THE ability to communicate with others is a simple process for most people. We speak, others listen and, hopefully, understand what we are trying to say.
But everyday words are mysterious unknowns for some Mornington Peninsula youngsters, especially those from low socio-economic backgrounds who are unable to enunciate, or even create basic sentences.
They are unable to use words as building blocks to expand their vocabularies and tend to shy away from communicating because it exposes their poor literacy skills. Later in life they tend to be forced to the back of the queue when it comes to higher learning and establishing fulfilling lives.
Research has found that only 38 per cent of those with a communication disability have jobs compared to 80 per cent who can speak fluently. They are less likely to have another qualification (42 per cent), than those without a communication disability (61 per cent).
Speech pathologists are highlighting the theme: Communicating with Confidence, during Speech Pathology Week: 25-31 August, at several peninsula schools.
The charitable Mornington Peninsula Foundation has partnered with Peninsula Speech Plus to contribute more than $1 million over three years towards increasing the long-term education outcomes and engagement of children.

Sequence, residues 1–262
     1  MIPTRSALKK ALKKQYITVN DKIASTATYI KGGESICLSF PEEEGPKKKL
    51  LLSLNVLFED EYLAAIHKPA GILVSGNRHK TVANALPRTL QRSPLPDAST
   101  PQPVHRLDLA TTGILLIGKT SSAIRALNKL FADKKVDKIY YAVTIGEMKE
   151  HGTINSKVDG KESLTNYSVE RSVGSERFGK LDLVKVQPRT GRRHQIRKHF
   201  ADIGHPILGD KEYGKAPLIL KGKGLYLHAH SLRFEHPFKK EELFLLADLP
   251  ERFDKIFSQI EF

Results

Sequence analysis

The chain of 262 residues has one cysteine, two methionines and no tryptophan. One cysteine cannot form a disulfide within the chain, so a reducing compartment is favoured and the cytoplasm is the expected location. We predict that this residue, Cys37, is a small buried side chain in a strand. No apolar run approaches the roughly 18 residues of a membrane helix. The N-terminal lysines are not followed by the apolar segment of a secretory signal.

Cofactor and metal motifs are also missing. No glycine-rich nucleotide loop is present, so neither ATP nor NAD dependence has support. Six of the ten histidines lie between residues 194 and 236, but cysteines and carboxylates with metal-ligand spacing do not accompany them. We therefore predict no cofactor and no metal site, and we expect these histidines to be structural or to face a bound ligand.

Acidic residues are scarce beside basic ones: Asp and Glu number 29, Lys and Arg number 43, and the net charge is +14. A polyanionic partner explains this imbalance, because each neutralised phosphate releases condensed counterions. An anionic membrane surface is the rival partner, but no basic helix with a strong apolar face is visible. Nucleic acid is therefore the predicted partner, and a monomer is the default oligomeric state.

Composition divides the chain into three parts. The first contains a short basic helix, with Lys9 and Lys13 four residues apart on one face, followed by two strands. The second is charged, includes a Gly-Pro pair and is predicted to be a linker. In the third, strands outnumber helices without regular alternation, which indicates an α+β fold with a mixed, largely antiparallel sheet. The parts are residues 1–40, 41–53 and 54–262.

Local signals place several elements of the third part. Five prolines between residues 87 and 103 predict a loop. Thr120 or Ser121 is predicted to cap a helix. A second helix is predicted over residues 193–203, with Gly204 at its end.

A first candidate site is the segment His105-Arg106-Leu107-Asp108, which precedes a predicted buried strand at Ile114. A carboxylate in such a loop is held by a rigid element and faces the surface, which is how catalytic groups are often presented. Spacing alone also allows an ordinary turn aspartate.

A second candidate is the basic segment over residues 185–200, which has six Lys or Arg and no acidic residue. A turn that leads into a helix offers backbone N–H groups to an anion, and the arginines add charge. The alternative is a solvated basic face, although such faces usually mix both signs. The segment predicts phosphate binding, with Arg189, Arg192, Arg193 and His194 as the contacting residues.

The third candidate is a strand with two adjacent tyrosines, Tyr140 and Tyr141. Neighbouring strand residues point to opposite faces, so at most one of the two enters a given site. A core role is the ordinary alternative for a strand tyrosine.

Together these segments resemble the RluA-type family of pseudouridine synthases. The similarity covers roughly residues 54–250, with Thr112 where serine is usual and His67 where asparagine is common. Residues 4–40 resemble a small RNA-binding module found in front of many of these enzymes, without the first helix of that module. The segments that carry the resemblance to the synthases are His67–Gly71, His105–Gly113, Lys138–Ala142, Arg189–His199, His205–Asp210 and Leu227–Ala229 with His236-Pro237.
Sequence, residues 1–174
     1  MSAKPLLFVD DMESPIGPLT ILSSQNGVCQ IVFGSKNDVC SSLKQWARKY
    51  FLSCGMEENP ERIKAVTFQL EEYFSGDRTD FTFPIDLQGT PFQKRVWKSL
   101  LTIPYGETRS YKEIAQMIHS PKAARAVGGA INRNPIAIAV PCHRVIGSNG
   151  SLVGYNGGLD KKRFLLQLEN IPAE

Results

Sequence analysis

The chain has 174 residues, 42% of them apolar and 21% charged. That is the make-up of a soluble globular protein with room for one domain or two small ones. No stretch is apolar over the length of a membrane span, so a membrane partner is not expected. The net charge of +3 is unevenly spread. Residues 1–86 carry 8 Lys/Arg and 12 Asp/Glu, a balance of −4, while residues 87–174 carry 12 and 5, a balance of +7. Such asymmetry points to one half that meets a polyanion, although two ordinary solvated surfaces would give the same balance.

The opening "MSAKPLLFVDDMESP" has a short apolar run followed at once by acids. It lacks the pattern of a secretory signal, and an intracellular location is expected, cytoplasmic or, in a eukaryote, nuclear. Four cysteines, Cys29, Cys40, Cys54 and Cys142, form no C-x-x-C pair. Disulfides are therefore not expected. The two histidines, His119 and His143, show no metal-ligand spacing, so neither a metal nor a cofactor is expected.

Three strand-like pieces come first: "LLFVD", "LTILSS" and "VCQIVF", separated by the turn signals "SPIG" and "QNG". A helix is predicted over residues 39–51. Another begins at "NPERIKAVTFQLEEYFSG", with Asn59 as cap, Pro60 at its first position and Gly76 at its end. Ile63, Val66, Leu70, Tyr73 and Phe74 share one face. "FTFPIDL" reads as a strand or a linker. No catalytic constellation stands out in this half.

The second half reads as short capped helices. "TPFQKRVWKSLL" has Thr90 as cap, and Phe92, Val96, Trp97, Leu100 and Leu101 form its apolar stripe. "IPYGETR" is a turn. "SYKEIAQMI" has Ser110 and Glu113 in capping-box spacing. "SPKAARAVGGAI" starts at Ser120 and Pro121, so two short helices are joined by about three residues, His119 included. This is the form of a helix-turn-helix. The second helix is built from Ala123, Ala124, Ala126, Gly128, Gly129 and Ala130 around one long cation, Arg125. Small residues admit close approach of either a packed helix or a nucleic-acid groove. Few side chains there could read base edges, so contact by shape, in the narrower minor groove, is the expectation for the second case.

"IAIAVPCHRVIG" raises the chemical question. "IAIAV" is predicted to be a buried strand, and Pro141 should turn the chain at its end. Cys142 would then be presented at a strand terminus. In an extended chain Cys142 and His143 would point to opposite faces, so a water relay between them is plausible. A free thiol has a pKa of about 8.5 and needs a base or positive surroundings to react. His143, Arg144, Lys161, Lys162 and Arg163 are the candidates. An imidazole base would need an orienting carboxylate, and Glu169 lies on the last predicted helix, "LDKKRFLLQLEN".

The foundation’s Stephanie Exton said some pupils at schools in lower socio-economic areas often lacked the ability to enunciate simple words and the ability to assemble them into plausible sentences.
“Some just babble on because words mean nothing to them. Some don’t speak or listen. They just sit staring at their screens,” Ms Exton said.
“Others become frustrated at their inability to get their message across; some are in tears and others violent. Sometimes whole classes are in a state of aggression.”
Progress in improving oral communication skills began mid-last year when principals and staff from Crib Point, Wallaroo, Eastbourne, Mornington Park and Tyabb Railway primary schools and their feeder kindergartens identified low oral language skills as the key issue for poor engagement and success in learning.
Peninsula Speech Plus’s Megan Ingram said experts tested 300 children at 10 intervention sites and three comparison sites in term 1 this year and found that 92 per cent needed some form of speech pathology assistance.
As a result, Peninsula Speech Plus trained classroom aides and kinder staff overseeing more than 250 children set about improving their understanding of words and pronunciation.
“We are seeing amazing outcomes already with children communicating with confidence, increasing their vocabulary, being more connected with school and increasing their social interaction skills as well,” Ms Ingram said.
Improved speech, understanding of words and when and where to use them, are making for happier, more constructive lessons.
“Kids are more connected, more engaged and are achieving,” Ms Ingram said.
“You can feel it in the classrooms.”